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    • filihok says:

      what does “pitching around mean”?

      I tried to use wRC+ to modify Tango’ RE chart in order to find more relative RE’s considering the strength of the hitters.


      The 2 moves came out as pretty much a wash.

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  3. Nathan says:

    I was telling Washington through the TV to bring in Ogando to start the 6th, but he didn’t listen to me.

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  4. Dunston says:

    I have to say, I’m a little surprised by how big of a deal the stats-oriented is making this pinch-hitting issue out to be. To say that Torrealba “isn’t the best hitter” is a bit of an understatement – he was one of the worst hitting catchers in all of baseball this year. More or less, the only thing that he’s got going for him is that he played regularly this year. And in what has to be a first for Fangraphs, Torrealba’s veteran-ness and grittiness are also factors, because he “has been trusted in crucial situations all season” whereas German has not.

    Was it the right decision to use German? Probably not. But to say that Washington was “a deer in the headlights” and was “painted into a corner” because he didn’t pinch-hit with his .306 wOBA catcher is ridiculous.

    Doesn’t Jon Daniels deserve far more blame for designing a roster where Washington has to choose between German and Torrealba at a critical point in the game?

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    • bowie says:

      agreed — I really don’t see why people are so fixated on the Torrealba/German decision. Torrealba is a pretty bad hitter, period. To me, it is a toss-up as to whether Torrealba or German is the better option at that point.

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    • KDL says:

      I think the point is this: given the choice between two bad hitters…doesn’t it make sense to have the one that’s batted against live pitching in the last month go to the plate?
      You’re right. Yorvit is not an ideal pinch hitter. But we’re not talking about ideal. We’re talking about him vs. German.
      You’re also right that it stinks that those are Wash’s choices…but that’s all he’s got. And that doesn’t absolve him from mistakes he might make using crappy pieces.

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  5. Anon says:

    “(for what it’s worth — which is very little — German also isn’t a very good pinch hitter)”

    Doesn’t this also apply to Torrealba?

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  6. jkafka says:

    Torrealba is 1 for 37 in his career as a pinch hitter. German is 11 for 55. They have about the same power, but German hits for a higher average and gets on base more often.

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  7. Joel says:

    I agree that pinch hitting Torrealba instead of German might’ve had better odds of working (what’s that thing about hindsight again…?), but I request that in the future you reconsider using the word “imploded,” as in the below sentence:

    “but Washington imploded the next time he had to make an important move”

    Is pinch hitting the wrong guy really an “implosion”? Or is it just a poorly made decision? In interviews after the game he didn’t appear to second guess himself, which makes me think he was confident in his decision at the time he made it (even though it didn’t work out). That isn’t an imposion, really.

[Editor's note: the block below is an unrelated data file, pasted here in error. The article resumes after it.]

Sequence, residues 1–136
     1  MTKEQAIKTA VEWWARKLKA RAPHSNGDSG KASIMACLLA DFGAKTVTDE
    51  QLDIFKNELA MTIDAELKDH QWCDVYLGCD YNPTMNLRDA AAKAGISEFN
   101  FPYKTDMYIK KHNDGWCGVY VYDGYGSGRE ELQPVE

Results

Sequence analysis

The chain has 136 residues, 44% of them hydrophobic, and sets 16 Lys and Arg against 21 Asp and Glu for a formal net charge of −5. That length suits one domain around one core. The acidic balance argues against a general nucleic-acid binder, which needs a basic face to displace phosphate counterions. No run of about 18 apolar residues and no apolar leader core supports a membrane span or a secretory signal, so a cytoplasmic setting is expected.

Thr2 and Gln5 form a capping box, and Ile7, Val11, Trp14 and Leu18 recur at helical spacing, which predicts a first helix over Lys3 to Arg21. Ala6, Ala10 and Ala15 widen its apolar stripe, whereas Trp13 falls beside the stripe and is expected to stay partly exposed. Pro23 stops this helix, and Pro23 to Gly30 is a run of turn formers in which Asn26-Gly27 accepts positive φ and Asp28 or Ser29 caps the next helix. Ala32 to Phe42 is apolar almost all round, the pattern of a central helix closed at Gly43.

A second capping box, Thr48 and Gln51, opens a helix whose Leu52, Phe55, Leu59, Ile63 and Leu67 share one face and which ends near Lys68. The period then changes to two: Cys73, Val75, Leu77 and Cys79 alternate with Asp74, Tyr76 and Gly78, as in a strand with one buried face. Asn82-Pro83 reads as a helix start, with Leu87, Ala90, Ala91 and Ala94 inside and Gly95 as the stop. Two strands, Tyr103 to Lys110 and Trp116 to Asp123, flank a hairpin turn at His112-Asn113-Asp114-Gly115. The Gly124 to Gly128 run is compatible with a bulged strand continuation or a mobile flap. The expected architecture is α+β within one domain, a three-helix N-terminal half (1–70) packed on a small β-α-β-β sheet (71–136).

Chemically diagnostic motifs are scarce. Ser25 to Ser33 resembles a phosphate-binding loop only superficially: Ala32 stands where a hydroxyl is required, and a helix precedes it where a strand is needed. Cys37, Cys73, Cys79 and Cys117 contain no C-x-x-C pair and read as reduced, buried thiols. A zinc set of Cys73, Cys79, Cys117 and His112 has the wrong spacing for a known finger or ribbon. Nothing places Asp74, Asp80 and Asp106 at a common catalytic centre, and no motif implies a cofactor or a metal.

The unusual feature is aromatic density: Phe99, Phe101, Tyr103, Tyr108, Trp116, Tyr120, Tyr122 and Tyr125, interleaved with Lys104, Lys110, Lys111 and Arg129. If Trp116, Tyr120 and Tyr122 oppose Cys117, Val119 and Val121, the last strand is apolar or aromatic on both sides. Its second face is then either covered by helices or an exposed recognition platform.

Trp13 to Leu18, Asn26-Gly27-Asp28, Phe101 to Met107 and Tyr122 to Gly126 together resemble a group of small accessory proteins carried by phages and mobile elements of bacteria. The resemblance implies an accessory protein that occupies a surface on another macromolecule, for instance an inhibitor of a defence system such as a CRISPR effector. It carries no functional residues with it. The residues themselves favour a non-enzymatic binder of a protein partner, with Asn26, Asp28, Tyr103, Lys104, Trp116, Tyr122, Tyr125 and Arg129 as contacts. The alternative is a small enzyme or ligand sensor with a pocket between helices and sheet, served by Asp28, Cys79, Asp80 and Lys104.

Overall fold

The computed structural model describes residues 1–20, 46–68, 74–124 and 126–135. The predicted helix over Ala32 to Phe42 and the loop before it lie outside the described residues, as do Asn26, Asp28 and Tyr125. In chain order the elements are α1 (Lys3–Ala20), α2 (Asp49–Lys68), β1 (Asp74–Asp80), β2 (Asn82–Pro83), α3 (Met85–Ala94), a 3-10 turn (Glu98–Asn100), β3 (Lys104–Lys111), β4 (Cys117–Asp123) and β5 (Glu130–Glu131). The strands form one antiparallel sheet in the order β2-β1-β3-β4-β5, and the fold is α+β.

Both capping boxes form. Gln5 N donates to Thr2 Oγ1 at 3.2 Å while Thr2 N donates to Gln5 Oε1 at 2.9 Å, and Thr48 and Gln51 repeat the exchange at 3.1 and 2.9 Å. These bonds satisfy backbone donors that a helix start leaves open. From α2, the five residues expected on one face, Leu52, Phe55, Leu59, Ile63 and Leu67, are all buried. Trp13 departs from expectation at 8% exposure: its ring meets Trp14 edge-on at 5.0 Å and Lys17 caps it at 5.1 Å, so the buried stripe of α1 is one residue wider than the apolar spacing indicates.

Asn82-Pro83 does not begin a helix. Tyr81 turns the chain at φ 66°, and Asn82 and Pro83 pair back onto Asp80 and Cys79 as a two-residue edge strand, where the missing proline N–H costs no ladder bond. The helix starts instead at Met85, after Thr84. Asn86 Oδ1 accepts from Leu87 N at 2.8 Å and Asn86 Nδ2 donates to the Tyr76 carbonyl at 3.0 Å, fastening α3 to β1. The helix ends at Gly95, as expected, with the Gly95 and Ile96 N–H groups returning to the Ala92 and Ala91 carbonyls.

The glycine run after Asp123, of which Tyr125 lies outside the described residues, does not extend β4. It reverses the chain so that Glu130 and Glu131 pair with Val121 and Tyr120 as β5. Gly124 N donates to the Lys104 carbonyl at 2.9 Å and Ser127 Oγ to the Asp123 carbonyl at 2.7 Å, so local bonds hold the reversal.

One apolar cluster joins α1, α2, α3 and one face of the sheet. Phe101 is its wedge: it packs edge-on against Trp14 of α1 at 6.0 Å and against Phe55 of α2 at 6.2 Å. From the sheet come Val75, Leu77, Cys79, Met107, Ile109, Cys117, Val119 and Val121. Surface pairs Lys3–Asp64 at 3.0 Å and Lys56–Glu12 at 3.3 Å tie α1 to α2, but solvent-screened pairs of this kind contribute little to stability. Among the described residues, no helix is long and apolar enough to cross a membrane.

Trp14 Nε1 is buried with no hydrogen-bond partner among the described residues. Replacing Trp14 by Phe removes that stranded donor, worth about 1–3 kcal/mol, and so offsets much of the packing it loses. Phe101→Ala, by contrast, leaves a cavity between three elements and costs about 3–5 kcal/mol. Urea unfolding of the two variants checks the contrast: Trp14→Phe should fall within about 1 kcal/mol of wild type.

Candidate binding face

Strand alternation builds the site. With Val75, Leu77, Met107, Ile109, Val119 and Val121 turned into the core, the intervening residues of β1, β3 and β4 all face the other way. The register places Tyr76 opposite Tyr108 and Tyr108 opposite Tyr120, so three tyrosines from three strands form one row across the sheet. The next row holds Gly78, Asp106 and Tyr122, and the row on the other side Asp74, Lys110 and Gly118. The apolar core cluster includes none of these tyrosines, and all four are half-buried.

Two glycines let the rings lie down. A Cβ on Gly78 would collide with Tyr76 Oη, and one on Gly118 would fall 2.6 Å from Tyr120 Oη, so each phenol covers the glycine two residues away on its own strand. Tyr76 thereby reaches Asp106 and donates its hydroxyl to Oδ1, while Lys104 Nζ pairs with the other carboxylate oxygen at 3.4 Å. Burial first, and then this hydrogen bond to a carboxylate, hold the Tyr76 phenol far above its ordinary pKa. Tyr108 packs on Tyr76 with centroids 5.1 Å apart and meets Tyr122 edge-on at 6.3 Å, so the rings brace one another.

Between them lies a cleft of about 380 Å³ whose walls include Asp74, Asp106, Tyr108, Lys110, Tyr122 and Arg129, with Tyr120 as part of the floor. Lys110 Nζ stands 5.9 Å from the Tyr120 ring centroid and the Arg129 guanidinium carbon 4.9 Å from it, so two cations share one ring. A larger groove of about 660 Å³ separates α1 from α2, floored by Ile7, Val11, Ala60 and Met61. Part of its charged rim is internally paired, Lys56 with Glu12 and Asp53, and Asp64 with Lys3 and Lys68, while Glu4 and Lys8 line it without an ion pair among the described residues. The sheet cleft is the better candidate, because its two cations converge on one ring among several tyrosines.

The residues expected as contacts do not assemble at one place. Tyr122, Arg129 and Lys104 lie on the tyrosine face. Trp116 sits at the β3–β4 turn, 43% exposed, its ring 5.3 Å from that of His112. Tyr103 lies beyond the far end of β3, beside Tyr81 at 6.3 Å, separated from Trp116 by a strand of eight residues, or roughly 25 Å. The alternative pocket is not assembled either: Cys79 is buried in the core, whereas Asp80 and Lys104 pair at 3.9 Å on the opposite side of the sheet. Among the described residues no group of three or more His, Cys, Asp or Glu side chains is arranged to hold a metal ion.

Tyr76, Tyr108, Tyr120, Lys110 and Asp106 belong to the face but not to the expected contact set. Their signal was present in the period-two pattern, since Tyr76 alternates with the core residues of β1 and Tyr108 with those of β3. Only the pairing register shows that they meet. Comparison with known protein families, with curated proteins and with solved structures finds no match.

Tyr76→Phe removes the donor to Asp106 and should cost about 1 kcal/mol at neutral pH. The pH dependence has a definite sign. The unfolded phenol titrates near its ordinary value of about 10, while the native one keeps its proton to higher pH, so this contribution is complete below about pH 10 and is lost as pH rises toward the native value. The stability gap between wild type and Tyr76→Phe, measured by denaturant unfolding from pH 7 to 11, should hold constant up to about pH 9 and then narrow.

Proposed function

Not trying to be a dick, just encouraging Fangraph writers to stay classy and not resort to bush league hyperbole like blogs do. Fangraphs is legit, after all.

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  8. GiantHusker says:

    The phrase “chess matchup” does not belong in any article also containing the words “Ron Washington” or “Tony LaRussa.”

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  9. bender says:

    I think the term you’re looking for is “pinch hit penalty”

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  10. chuckb says:

    I thought that Washington was bluffing w/ German, hoping that La Russa would counter with the righty (I think Dotel) to maintain the platoon split, and then Washington would pinch hit w/ Moreland, the guy he preferred having up in that spot. La Russa didn’t bite. Why would he w/ German at the plate? It was a really strange decision. Perhaps if he’d have used Torrealba it would have compelled La Russa to go get Dotel so Wash could then come back w/ Moreland but German’s not going to scare anyone.

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  11. Richie says:

    Heck with the platoon advantage, why not just Moreland in that situation? As opposed to a poor-hitting catcher or a subpar utilityman?

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    • CircleChange11 says:

      German and Yorvit have almost identical OPS’s versus LHP (~.780), both are about 200 OPS pts higher than Moreland (~.580).

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  12. Luke says:

    I would have left D.Murph in there and then pinch Gentry or Moreland for the pitcher.

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  13. Jacob says:

    So Washington’s “implosion” and “strike one” was using a decision over one pitch-hitter. Really? I thought the whole point of places like FanGraphs was to encourage intelligent analysis to counter long-held beliefs. Like the fact that this would be very significant at all. By this logic we should fire all the umps from last night.

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    • Puffy says:

      You cannot assume that because they have stats here that require more than basic division, that their logical inferences will be equally more sophisticated than general banter.

      Having one guy who can code a data feed does not make all your writers particularly intelligent.

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    • Puffy says:

      The closest thing to a meaningful narrative I can derive from this article is that this guy decided that Larussa is outperforming Washington, and this is the best support he could come up with.

      Most people, especially stupid ones, would never let reality get in the way of indulging in their most comforting belief.